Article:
Diagnosed with Alzheimer's--specifically posterior cortical atrophy--author Terry Pratchett writes:
It was my typing and spelling that convinced me the diagnosis was right. They had gone haywire. Other problems I put down to my looming 60th birthday.
I thought no one else had noticed the fumbling with seat belts and the several attempts to get clothing on properly, but my wife and PA were worrying. We still have the occasional Clapham Junction days, now understood and dealt with.
I have written 47 novels in the past 25 years, but now I have to check the spelling of even quite simple words - they just blank on me at random.
He also points out that for a disease that is so feared, research is still chronically under-funded. As the baby boomers age we're going to have an epidemic on our hands.
I've written before about my own memory and attention problems, growing worse every day. They might have another cause but I can empathize with Mr. Pratchett as he watches in shock as words emerge from his typing in garbled form, a skill he once practiced almost effortlessly gradually deteriorating. I, too, grope for the spelling of words I have known for 40 years or more and depend on spelling programs to alert me to misspellings or help me find the correct one. Thank Goddess for Google and the online dictionaries!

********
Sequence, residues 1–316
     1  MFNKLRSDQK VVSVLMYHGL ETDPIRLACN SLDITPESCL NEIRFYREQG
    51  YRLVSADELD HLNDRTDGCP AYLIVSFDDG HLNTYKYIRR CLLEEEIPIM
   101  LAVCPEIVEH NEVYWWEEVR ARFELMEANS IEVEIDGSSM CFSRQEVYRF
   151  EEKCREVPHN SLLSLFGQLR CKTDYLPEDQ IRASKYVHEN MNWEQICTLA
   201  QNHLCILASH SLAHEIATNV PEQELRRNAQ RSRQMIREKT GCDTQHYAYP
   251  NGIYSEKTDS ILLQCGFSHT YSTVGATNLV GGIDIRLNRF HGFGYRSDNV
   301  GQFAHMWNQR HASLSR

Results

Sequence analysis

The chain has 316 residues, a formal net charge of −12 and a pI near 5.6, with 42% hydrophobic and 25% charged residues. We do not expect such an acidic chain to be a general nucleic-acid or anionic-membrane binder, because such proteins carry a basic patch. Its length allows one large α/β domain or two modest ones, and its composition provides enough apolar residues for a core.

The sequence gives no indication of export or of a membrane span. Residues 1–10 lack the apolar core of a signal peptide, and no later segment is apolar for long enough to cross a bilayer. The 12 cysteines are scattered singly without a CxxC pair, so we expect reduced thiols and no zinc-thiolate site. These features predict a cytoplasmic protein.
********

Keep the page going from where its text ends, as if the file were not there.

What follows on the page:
It's positively terrifying. (Right there I stumbled over terrifying. Just stopped mid-word, confused about how to proceed.)
The aphasia is getting worse and worse. I grope for names of shows I regularly watch, names of characters, actors, I back up Tivo to see the weather three or four times because I lose my focus and don't take in what I was just watching, I describe household objects to my husband because I forget the names of them. Alternately, other words, nonsensical words at the time, jump forward in their place and tumble out of my mouth, leaving both of us confused. I do this not just once in awhile, as I did 2 or 3 years ago, but on a daily basis now. I leave the stove on so often that I worry I might burn the house down.
When in Paradise Lost Milton’s Satan stood in the pit of hell and raged at heaven, he was merely a trifle miffed compared to how I felt that day. I felt totally alone, with the world receding from me in every direction and you could have used my anger to weld steel.
I am angry too, but perhaps it is a gender-based difference that my fear is much stronger than my anger. It is not considered socially appropriate for a grown man to say to the world: I am terrified. And when you are losing your mind, bit by bit, pride may be all you have left.